I want to talk to you about the problem of the inertia of success in your leadership pipeline.
A leadership pipeline is not a linear progression straight up and to the right. It contains bends at key transition points. These represent a change in position within an organization. It’s a different level of leadership, a different level of complexity. The number one spot where people wash out in a pipeline? Is at these transition points.
Why? Because these turns involve a change in job requirements, new skills, the way the value their time, the way they apply their time. When someone is promoted in a leadership pipeline, they often continue to do the same strategies, they use the same tactics that led to their advancement. That’s what the inertia of success is. It pulls you in that direction. You say, “I’m good at this. It’s what made me successful in the first place. I need to continue to do these things.”
However, the inertia of success in a leadership pipeline is a problem, because it pulls you straight forward when a mindshift has to take place. You must redirect your actions, your emotion, your time, and values. For example, when a person moves from being a volunteer to a leader, they must shift from leading themselves and doing things well to ministering to others and equipping them to do those tasks. Without this mindshift that individual will fail or flounder.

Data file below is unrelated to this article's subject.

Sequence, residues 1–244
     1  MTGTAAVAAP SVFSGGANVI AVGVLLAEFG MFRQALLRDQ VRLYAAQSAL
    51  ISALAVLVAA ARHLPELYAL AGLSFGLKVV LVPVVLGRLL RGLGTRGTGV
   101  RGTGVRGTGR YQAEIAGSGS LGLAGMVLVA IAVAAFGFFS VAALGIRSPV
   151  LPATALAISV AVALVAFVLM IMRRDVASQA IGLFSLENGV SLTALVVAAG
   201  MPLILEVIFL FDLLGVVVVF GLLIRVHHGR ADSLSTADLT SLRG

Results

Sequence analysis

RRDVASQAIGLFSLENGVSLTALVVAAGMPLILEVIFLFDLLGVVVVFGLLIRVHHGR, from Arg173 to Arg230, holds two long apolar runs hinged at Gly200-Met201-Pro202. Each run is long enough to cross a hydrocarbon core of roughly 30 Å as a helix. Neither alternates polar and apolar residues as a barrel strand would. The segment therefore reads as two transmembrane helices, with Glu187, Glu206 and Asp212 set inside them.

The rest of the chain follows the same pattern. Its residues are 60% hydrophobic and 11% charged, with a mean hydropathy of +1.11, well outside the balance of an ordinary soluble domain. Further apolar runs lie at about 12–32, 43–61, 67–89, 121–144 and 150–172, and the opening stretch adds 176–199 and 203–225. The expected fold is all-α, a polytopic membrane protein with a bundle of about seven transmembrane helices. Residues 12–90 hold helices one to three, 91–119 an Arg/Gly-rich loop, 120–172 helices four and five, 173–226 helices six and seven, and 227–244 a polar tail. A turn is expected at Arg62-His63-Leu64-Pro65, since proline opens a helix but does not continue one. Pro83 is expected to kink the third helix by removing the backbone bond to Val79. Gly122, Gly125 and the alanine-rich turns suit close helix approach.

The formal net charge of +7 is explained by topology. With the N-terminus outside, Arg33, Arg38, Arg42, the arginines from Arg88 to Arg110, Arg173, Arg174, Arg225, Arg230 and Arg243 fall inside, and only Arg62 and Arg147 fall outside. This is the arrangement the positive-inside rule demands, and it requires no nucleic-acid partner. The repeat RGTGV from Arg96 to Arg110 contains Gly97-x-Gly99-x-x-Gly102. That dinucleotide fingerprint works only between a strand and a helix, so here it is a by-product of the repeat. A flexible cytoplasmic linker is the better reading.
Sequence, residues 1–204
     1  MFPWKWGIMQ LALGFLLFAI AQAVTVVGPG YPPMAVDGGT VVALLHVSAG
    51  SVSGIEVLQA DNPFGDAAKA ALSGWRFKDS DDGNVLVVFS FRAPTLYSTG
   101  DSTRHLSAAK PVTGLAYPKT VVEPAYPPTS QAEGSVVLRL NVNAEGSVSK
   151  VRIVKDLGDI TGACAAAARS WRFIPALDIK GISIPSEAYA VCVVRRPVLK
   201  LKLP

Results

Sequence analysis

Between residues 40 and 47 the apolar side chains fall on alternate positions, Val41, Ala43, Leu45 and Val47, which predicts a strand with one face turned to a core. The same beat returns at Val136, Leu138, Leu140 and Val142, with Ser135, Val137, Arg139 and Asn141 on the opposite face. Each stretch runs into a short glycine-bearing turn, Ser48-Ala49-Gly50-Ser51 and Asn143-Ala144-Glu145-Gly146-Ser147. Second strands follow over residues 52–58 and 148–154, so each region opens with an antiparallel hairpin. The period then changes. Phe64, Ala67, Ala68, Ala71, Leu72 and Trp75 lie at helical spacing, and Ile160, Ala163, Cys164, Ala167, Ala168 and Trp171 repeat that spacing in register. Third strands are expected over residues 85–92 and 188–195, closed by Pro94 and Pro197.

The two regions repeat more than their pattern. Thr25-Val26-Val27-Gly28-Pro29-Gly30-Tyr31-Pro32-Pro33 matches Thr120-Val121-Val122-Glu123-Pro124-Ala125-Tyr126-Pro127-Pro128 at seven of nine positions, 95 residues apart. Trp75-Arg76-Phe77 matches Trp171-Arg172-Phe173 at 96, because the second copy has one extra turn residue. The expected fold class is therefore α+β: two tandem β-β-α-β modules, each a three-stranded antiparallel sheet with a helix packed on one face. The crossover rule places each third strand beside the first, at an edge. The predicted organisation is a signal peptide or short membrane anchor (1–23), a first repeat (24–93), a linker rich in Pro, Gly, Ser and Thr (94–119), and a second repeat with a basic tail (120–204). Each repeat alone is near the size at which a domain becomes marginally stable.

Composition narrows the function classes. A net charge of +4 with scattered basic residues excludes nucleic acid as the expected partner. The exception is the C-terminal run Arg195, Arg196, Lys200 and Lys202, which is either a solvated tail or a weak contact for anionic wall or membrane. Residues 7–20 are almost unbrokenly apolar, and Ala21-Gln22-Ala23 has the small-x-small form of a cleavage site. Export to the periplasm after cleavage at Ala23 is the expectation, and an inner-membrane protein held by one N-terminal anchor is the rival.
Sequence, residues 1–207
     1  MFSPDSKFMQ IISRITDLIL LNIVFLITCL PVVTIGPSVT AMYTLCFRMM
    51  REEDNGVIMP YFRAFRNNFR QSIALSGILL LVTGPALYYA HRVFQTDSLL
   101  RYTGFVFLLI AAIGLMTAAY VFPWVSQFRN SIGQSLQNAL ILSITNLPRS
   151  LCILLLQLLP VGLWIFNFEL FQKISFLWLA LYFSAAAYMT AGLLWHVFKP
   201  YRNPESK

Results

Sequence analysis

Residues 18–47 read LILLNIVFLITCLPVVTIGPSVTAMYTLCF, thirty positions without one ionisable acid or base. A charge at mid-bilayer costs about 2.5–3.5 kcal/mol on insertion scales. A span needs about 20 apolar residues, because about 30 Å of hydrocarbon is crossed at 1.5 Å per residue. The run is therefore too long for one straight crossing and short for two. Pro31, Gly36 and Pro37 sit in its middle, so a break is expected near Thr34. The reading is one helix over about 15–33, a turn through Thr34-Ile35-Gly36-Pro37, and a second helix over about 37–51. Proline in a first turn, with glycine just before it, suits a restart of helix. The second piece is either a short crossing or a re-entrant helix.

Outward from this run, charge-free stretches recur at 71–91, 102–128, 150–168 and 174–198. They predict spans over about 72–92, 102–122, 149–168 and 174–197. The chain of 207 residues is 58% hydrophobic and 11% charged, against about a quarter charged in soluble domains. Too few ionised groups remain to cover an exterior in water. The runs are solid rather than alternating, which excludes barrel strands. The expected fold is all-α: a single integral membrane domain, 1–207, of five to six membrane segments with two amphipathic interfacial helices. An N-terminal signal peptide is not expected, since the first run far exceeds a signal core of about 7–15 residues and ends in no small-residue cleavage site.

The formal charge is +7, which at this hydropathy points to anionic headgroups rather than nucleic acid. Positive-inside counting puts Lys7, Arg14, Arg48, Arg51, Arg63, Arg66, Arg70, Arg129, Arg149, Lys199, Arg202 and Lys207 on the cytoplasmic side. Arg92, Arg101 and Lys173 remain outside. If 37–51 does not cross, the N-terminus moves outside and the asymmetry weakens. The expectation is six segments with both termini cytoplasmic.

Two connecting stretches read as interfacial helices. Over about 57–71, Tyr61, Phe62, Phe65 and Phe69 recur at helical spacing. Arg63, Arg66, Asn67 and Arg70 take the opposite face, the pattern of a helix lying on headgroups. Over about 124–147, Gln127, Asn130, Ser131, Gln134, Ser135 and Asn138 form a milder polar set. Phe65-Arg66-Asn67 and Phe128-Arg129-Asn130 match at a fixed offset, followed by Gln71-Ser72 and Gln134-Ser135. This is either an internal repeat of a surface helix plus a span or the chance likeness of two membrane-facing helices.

As a church leader, we must create clarity in our leadership pipeline to insure that everyone knows where we’re going and where they fit in and be sure that all their next steps are easy, obvious, and strategic.
Now that you understand the problem of the inertia of success within your pipeline, what are you going to do about it?